Who can forget the first time they were seated before an electronic typewriter such as the Canon Wordstar? No longer were there moving carriages, and no longer was even liquid paper required - so long as you checked what you were typing as you went along - and the world changed again for office workers. Above the keyboard there was a small screen on which were displayed whatever you had typed. It really was like "white man's magic". I think that I wasn't unique in typing, typing, typing all sorts of unnecessary correspondence and memos just to see those letters fly across that little screen. And guess what: if one of them was incorrect, you could just backspace and make the necessary amendments. Incredible!

The day came, of course, when I looked with envy from my Canon typewriter to the ultimate piece of equipment - the Wang word processor. Huge, ugly, and oh so desirable, it sat on a desk in the middle of the office, jealously guarded by the whiz-bang typist who had attended a training course to know how to use it. Mass production of correspondence, of mortgage documents, of wills, of title deeds, had arrived. Those of us sitting pert and pretty at desks outside the doors of our bosses' offices would look with envy at Miss Wang-User but still feel a teeny bit smug that she was just a typist whereas we were secretaries. Of course, our envy won out as we were given more and more mundane letters to prepare and all the really meaty, exciting stuff was whipped over to be produced on that omnipresent processor.

How lovely that its demise came quite soon and before we even knew it - subtly like the extra kilos that creep on over the years - we found ourselves sitting at desks adorned with computer monitors, our knees nudging those large, black boxes containing endless information and possibilities. We somehow slipped into using our Macs or PCs as if we had been born to it, referring to those thick, glossy manuals as we needed or finding solutions through consultations over the coffee machine. In time, of course, they even crept out of the office and into our homes, demanding their own space. We found ourselves having to purchase stationary along with our weekly groceries. Ink cartridges, reams of copy paper, mousepads, all became part of our normal shopping.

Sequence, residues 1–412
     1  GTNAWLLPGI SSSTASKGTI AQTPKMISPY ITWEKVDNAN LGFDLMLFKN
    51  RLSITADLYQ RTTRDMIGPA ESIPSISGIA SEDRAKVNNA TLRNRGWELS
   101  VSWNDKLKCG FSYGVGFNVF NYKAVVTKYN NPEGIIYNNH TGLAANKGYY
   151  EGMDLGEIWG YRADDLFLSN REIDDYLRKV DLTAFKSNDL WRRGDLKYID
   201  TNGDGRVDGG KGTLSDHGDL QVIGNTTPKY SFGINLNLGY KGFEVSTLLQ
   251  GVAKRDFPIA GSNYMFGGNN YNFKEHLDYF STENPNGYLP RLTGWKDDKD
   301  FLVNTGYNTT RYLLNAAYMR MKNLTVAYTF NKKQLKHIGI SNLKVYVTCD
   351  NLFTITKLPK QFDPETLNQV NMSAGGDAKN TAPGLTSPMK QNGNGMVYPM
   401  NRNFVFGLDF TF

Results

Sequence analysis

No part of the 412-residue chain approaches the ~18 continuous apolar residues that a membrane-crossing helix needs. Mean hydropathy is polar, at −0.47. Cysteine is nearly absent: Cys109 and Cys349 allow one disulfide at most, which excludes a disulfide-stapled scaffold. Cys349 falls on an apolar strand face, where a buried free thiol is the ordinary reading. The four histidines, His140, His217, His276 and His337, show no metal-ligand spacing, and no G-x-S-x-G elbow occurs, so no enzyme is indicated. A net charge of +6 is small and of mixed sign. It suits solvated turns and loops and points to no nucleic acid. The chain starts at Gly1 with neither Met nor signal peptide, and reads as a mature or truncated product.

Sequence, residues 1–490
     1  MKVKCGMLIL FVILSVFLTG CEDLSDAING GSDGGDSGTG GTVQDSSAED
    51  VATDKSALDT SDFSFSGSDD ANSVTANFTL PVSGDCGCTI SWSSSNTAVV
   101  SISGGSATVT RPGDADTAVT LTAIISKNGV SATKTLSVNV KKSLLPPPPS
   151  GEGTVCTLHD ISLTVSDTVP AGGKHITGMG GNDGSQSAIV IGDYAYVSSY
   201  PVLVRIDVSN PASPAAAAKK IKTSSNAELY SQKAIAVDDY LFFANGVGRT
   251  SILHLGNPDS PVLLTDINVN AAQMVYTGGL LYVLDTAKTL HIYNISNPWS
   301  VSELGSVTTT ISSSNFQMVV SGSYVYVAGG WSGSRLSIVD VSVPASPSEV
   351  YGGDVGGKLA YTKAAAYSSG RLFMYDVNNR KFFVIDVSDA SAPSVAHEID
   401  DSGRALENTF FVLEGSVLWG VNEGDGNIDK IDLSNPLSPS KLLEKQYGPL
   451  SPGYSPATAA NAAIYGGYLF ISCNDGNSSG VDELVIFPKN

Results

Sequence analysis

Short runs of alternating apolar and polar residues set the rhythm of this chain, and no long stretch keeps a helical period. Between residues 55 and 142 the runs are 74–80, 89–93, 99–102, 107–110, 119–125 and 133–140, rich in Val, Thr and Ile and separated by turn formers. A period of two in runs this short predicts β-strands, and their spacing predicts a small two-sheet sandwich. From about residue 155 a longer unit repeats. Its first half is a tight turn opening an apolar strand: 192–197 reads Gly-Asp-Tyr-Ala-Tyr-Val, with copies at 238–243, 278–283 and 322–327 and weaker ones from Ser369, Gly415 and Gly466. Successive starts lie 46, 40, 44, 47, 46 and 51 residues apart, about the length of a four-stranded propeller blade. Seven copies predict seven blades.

Image courtesy Microsoft Clipart
But the changes, the advances, have just kept coming, equipment being obsolete almost before it's time to change the ink. As radiograms gave way to transistors, and transistors gave way to Walkmans, and Walkmans gave way to MP3 players, so too the computer so that now, we sit at tables, desks, breakfast bars, poolside tables, and tap, tap, tap away on our laptops. We board an aircraft, turn on our Dell, or Acer, or Toshiba, and watch a movie of our own choice; we put on our headphones and listen to one of thousands of songs stored in the internal memory; we read a book downloaded from Amazon; we order a pair of boots from Ebay. We have learnt to type on flat keyboards - how does that sit with RSI, one wonders - and to move around a screen with the tiniest of movements of something which sits in the palm of our hand or by moving our fingers over a touchplate.

The people who first flew in aircraft were considered so brave; those who ventured out in early motor vehicles were considered so game; those who moved from the Remington to the iPad receive no credit for embracing new technologies, but, oh my, the changes have been huge and the journey indeed exciting.